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  8. Well you certainly don't seem to be short of glasses and I thought it was just me!

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    1. You should see my plate collection, at the last count we had over 100.

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  9. The little knife is missing....

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    1. I was hoping that the prune would act as a measure, which is what the knife was for.

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  10. I'll look out for glasses like that at the local brocantes. I'm sure I've seen some but ignored them because
    I didn't know what they were for. Sounds like a lovely end to a meal, we are fans of prunes in this house.

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    1. I hope you find some, they're not too common these days. However, I expect every peasant home has a set stuffed away in a cupboard somewhere.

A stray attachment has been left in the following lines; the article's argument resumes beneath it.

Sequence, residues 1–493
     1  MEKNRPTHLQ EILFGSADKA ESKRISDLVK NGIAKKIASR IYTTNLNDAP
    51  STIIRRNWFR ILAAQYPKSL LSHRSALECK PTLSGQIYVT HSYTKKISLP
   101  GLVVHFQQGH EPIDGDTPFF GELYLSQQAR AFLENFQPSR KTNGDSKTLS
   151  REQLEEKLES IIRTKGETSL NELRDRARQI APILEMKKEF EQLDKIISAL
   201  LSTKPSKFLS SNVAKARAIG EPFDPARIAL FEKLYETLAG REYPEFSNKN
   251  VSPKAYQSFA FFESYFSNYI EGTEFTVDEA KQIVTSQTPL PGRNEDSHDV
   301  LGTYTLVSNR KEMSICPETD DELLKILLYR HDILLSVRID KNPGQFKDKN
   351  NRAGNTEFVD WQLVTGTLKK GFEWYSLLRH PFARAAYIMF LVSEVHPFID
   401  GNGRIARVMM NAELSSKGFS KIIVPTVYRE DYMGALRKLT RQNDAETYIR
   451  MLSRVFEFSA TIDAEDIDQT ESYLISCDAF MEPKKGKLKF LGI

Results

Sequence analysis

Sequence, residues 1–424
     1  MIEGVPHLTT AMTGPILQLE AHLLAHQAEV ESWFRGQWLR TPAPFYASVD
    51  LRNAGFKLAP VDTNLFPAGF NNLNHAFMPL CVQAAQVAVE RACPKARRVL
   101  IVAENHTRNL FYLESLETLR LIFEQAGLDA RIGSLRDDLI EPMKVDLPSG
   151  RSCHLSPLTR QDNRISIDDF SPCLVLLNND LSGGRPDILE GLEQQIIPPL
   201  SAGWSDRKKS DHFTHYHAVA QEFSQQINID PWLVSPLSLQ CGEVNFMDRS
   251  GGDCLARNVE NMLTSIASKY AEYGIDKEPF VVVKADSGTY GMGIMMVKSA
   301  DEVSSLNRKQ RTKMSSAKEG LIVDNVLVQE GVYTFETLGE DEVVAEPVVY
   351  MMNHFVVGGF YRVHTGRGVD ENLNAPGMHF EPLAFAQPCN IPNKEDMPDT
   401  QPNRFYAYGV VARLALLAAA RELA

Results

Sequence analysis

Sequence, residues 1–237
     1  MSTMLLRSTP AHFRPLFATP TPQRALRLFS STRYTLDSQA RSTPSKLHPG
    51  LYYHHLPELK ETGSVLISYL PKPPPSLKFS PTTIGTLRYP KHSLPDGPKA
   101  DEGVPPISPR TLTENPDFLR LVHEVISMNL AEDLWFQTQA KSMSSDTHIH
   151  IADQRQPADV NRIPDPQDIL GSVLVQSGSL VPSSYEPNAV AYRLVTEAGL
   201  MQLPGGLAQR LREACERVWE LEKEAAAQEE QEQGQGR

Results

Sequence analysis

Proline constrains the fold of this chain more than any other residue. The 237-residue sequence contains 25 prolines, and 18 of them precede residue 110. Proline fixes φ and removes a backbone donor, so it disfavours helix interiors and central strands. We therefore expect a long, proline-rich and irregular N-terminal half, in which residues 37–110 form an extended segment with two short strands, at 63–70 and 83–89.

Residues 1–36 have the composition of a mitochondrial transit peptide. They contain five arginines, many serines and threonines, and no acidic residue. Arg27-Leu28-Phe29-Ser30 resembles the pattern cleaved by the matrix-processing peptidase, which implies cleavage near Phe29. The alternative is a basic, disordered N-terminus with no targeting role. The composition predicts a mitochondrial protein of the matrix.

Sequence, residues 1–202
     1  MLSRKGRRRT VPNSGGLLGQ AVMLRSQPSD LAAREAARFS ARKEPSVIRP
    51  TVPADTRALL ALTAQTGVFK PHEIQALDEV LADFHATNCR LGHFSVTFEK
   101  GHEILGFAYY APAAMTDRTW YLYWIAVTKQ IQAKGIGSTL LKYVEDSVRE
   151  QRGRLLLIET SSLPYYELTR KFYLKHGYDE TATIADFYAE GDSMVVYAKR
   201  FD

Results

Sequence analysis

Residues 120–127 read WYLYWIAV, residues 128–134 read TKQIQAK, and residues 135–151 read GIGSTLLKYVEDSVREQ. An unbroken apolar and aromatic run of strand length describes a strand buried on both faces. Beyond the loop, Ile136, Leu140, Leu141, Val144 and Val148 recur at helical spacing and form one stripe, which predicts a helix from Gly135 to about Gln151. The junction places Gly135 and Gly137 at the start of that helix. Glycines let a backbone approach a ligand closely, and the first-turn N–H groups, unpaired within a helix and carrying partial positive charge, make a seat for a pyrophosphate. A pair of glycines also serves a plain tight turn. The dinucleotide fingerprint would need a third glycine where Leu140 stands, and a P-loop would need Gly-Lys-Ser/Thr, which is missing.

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  11. The Pruneaux Fourrés are our Christmas time treat. We used to go to Agen for then and now have found a closer provider at Duras. A box goes to my best mate in the UK every year. Tea soaked prunes, without the stones, go into the daily yoghurt - regularly.

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    1. We buy those blue tins of stuffed prunes for extra special friends; they're delicious.

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  12. In England, right up through the 19th century, they made drinking glasses which were very thick and could contain only small amounts of alcohol, called 'deceptive' or 'toastmaster's glasses'. If the M.C. had to spend half the night proposing toasts and draining his glass in one swig, this prevented him from sinking under the table like Uncle Maurice.

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    1. I couldn't photograph the 'solid' glasses, as the solid part is transparent. I remember Sandy Powell having a beer mug with a false interior which made it look as he was drinking a whole pint in a couple of seconds.